Most of us who work for someone else face the same pattern in our lives: we are asked to do more in the same amount of time. It’s partly the economy, partly the increase of ‘time saving’ devices, and partly the infiltration of electronic communication. The result: we work all of the time to stay in the same place.
I admit it: I’m a huge fan of multi-tasking. I think I work well, and efficiently, when I’ve got a couple of screens open, plus my hardcopy notebook, and a stack of reading material to pick up while waiting for a slow site to load.
At least, I used to think that. Less had been sitting in my review pile for a few months, so I picked it up.
Mr. Lesser brings it right home when he acknowledges the difficulty of the message he is trying to convey: “. . . doing less can actually be very hard. Too often we mistakenly believe that doing less makes us lazy and results in a lack of productivity.” It takes courage to say ‘no’ to doing more. Lesser acknowledges that, then goes on to point out that being busy can be a way to keep fear at bay.
Moreover, it is actually not possible for us to truly ‘multi-task’ the way most people define. We can only truly focus on one thing at a time, but by worrying about all the other things to do and shifting our attention from one task to another we feel as if we are accomplishing things, when we are just wasting time.
He makes an excellent distinction between being busy: living a fulfilling life in whatever manner that expresses for you and busyness: rushing from task to task, doubting ourselves and our abilities, worrying, and stressed out. As someone who routinely accomplishes what 2-3 other people do I appreciated that distinction. I know exactly when I am distracted by busyness and no longer just busy.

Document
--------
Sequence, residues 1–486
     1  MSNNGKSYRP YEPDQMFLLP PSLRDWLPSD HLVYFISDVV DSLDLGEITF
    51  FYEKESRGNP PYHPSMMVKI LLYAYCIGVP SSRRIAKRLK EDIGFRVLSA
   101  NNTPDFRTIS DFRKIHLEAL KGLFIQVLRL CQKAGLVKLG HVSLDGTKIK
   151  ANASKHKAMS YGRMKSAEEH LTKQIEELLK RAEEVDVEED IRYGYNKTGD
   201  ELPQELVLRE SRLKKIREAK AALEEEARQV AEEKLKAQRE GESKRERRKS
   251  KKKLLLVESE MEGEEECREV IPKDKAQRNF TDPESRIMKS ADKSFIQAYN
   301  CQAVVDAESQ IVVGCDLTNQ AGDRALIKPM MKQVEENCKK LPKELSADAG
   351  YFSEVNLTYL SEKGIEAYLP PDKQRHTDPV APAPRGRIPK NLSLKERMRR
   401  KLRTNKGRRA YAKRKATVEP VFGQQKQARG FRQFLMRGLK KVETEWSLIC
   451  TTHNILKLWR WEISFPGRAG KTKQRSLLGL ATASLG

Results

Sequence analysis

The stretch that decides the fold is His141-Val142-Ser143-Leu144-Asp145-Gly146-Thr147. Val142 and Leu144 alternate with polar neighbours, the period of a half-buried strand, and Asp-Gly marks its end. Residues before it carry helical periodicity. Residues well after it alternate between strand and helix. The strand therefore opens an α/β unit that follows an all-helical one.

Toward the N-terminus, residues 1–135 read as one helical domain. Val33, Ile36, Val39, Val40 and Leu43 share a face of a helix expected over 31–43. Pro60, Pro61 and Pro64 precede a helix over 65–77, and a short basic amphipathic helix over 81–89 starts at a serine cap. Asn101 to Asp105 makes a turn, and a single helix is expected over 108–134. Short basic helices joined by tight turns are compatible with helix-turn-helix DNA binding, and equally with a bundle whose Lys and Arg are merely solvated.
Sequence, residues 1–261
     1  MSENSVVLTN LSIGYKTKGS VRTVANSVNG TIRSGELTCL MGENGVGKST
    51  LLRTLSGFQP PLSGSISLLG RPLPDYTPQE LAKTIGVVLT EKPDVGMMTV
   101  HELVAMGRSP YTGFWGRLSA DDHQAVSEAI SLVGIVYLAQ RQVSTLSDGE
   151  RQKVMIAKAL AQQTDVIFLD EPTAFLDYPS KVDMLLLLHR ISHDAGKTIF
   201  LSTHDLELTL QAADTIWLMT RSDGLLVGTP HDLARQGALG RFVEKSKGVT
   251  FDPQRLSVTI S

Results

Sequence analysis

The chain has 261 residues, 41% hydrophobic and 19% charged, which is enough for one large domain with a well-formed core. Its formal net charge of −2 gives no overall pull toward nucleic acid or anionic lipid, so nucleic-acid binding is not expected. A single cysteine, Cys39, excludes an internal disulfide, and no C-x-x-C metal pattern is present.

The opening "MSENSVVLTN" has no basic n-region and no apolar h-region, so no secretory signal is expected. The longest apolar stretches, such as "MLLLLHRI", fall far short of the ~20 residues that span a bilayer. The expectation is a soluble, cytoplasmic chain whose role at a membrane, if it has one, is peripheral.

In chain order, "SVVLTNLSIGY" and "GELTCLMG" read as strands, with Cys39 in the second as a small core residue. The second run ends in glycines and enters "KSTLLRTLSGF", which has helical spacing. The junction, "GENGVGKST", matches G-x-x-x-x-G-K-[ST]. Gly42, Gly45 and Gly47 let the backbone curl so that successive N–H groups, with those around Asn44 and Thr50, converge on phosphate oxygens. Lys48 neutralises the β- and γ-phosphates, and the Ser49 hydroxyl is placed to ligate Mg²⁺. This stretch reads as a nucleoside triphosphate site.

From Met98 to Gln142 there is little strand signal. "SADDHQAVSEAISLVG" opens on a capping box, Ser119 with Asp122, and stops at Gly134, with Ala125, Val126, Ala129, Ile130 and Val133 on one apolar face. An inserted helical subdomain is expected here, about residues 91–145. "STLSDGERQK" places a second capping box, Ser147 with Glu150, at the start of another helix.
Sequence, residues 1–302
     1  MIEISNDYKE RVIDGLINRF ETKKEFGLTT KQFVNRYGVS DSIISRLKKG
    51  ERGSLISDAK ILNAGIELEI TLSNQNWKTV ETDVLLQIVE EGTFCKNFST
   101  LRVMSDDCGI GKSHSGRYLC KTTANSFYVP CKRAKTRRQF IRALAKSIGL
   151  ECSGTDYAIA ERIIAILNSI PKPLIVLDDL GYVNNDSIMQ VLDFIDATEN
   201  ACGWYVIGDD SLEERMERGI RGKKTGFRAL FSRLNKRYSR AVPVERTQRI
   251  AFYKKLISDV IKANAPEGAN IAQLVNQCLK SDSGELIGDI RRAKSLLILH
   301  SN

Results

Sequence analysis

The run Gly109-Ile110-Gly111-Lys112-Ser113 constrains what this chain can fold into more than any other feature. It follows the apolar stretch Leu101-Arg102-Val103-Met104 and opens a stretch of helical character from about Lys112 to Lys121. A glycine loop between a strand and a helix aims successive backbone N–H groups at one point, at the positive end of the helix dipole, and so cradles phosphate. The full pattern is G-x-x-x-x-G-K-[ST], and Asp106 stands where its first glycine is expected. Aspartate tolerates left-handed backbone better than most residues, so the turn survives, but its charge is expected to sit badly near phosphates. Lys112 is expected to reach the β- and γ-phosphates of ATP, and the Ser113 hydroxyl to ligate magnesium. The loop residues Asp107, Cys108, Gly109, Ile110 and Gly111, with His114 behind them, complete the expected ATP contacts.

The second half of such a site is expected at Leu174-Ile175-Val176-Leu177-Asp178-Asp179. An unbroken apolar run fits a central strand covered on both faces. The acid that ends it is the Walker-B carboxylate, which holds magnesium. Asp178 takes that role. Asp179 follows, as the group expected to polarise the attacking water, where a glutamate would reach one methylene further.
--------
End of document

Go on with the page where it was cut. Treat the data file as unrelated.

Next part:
The idea behind Less is simple: slow down. Pay attention to one thing at a time and to your level of relaxation. Doing it is difficult, mostly because of the five enemies of doing less:
and Lesser offers many exercises and readings to help get used to doing less. For example, he discusses time and notes that it is an entirely theoretical construct. We can only ‘see’ the moment we are in, time is constantly flowing. By pausing and just being for a moment, relaxing with one’s breath, for example, we can step out of the flow of time and realize how much of a construct it is. In doing so, we realize how little it matters and can just stop stressing over ‘wasting’ or ‘lost’ time. If you are mindful in the moment and paying absolute attention (to the best of your ability) the time is not wasted.
Well-written, full of useful anecdotes, and relevant examples. And yes, you will accomplish more, and be happier while doing so.
~review by Lisa Mc Sherry
Author: Marc Lesser
New World Library, 2009
pp. 172, $14.95
Interested in reading more? Several pieces from Mr. Lesser are posted over in our ‘Articles’ section.